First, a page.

It appears to me though that the truth is better, and the outlook more optimistic than any of these viewpoints might consider. I admit that I long supported the “white guilt” viewpoint. The Caribbean Londoners I grew up with undoubtedly suffered greatly from racism and police brutality. They also lagged far behind white people in educational achievement and economic success. There was an obvious correlation between race and disadvantage; many people (me included) therefore assumed that one was the cause of the other. But of course, assuming causation from correlation is the oldest mistake in the book.

It was my own black friends who helped set me straight on this, pointing out that they had escaped council estates, made careers and raised stable families, despite experiencing persistent racism. From their micro-perspective, the difference was clear: those whose families valued literacy and education succeeded. Those who came from families that placed little value on education did not.

The disparities between different racial groups should cast doubt on the idea that racism causes communities to fail. In the 1930s, Jews faced immense prejudice. They were also mostly economic migrants, and lacked capital. And yet many – including both of my grandfathers – opened businesses and moved out of the East End ghetto into the suburbs.

The Caribbean immigrants who began arriving in the late-1940s did not follow the same pattern of success as the Jews. But the East African Asians who fled Uganda in the 1970s did. The Pakistanis who came later did not do so well. But the West Africans who came in the 1980s and 1990s did better.

What kind of “racism” is so selective? When Indian and Chinese children do better in school than whites, but Pakistanis and Bengalis do worse, how can anti-Asian racism be blamed? And now, West Africans (mostly from Nigeria, Ghana and Sierra Leone) outperform white children but children originating in the Caribbean do not. How can this be explained by anti-black racism? In short, it can’t.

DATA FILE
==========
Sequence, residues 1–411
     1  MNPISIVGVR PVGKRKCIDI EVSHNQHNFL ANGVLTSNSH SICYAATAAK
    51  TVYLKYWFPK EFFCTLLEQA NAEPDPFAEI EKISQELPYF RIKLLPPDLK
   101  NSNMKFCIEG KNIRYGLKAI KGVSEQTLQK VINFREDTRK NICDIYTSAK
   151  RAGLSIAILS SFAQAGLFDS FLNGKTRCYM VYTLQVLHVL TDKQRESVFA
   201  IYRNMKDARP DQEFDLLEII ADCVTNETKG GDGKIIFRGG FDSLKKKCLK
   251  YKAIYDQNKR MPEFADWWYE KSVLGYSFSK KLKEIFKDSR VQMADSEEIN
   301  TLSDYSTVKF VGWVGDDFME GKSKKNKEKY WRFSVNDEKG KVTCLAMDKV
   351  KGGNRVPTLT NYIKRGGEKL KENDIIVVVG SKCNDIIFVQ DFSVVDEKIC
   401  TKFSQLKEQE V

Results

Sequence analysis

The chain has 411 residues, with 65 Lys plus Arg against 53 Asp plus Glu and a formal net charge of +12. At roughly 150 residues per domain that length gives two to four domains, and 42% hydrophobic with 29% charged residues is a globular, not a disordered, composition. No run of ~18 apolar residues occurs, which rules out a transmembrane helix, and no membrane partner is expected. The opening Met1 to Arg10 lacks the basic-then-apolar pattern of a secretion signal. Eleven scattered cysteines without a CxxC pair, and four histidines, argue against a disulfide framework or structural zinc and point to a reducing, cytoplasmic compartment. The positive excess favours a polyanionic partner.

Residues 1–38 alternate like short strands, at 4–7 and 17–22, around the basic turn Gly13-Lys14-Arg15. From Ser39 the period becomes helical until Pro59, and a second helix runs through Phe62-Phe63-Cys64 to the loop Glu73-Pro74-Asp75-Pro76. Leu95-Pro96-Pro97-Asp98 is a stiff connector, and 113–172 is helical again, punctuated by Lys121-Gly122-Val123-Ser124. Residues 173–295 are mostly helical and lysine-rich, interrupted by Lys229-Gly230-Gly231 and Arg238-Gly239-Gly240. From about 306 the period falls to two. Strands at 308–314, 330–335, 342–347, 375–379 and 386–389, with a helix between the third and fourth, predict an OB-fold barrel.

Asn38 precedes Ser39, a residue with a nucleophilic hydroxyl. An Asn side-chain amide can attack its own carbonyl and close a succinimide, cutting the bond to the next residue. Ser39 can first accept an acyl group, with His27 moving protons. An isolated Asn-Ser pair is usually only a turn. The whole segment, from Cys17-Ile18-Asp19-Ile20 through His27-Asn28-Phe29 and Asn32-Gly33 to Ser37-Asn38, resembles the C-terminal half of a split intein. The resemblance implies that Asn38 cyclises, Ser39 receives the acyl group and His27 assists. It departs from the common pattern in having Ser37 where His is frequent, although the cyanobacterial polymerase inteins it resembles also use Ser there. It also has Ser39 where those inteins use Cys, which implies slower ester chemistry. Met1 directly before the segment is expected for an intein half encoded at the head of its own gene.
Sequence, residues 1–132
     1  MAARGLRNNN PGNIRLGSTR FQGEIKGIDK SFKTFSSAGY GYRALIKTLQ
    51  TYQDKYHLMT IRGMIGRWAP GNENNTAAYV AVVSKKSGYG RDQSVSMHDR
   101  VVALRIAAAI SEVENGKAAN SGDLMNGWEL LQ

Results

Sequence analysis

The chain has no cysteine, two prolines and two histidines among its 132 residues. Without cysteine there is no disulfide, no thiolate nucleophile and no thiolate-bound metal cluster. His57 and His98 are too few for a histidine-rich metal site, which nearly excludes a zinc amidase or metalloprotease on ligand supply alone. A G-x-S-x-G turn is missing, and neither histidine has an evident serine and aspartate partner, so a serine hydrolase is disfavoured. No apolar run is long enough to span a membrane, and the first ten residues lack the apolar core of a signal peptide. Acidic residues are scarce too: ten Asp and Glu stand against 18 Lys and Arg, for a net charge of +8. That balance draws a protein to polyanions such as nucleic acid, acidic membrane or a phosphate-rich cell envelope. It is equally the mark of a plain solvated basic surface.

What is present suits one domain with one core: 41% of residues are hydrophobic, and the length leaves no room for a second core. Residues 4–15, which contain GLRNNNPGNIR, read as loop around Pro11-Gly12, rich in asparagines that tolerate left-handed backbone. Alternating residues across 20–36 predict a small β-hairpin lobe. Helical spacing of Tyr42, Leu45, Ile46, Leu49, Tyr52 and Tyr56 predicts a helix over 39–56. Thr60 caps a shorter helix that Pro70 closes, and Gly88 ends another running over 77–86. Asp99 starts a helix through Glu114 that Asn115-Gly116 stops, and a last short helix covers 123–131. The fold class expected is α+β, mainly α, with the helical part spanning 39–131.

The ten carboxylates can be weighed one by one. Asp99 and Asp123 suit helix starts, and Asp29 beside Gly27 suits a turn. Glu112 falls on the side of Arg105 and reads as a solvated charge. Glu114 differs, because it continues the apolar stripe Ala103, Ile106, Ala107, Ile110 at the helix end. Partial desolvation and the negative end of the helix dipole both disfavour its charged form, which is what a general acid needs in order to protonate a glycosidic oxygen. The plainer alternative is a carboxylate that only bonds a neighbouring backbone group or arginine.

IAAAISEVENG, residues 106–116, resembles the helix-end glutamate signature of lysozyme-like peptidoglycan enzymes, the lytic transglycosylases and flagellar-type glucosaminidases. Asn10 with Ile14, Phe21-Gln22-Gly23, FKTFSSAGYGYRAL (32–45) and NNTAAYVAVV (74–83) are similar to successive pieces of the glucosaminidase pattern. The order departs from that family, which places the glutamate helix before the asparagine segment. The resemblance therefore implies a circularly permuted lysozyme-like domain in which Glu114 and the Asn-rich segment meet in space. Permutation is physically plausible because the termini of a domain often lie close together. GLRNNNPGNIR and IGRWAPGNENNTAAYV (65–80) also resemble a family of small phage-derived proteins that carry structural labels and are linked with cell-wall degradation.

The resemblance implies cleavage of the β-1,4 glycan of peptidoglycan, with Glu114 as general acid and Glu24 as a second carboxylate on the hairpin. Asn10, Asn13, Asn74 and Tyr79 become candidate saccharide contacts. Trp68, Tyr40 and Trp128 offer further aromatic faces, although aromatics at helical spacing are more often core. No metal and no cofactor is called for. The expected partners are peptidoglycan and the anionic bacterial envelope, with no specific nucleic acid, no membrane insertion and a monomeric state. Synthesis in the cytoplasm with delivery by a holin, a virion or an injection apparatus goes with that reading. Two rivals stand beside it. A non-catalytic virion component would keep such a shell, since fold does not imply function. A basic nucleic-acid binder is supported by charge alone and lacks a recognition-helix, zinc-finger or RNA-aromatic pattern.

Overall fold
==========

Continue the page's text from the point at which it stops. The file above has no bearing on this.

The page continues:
I attended the “blackest” school in the UK, where around 75% of the kids were first or second generation immigrants from the Caribbean. While some of the Caribbean migrants had come from educated, middle class homes, the majority didn’t. Many of my school friends left school with scant literacy and no qualifications. Many of their parents too were semi-literate, having come from rural island communities to take up work as bus conductors. Today, I still have friends in their 40s and 50s who have limited literacy.

This generation of black Londoners faced savage racism in the 1970s and 1980s, especially from the police; they also were excluded, by their lack of qualifications, from universities and well paid jobs. It was easy to combine the two things in folklore: to say that Babylon (the Rastafarian word for the white power structure) would never offer opportunities to black people. This was easy to believe. I believed this. To add to the confusion, black British people compared their position to that of black Americans and South Africans. This was deeply inaccurate; Britain never had racial segregation laws or traditions to overturn. The racism may have been superficially similar, but the political reality was incomparable.

But when, starting in the 1990s, many West African immigrants breezed into universities and professional jobs, it became clear that this racial model of British society was wrong. I had to question my own beliefs, forged among the afro-centric viewpoints I absorbed in my teens. When a Nigerian friend graduated as an accountant and invited me to her awards ceremony, I saw a new British reality. Expecting to see a line-up dominated by Jews and Indians, I instead saw Chinese, Nigerian and Ghanaian graduates collecting their certificates.

So does the black British community have a problem? The question is meaningless. There is no coherent black community. Grouping people together based on their skin colour is nonsensical, and indicates a racist world view. The key deciding factor in a person’s economic success in the UK is their level of literacy and education. It turns out that working class black people originating from the Caribbean have far more in common, economically, with white British people than they do with those of West African origin. The same applies to those immigrants from rural Pakistan versus those from urban India.

This doesn’t mean there isn’t a problem with racism – this is still alive and well, and the rise of UKIP reveals a strong xenophobic streak in British society. For black parents wondering how to give their children the greatest chance of success, the answer is the same as for any other parent: teach them to read and write young, to behave at school, and to develop a thirst for lifelong learning. And most of all, tell them that the colour of their skin is no excuse for failure.

Mandela and Morons

Growing up in the political hotbed of 1980s Cold War London, I found myself among interesting people. The African National Congress, after being banned in the 1950s, had set up a leadership-in-exile, based in London and Amsterdam. One of my teenage friends was the son of senior ANC exiles, a couple who had fled South Africa when the clampdown on the ANC began – including the jailing of the activist lawyer Nelson Mandela.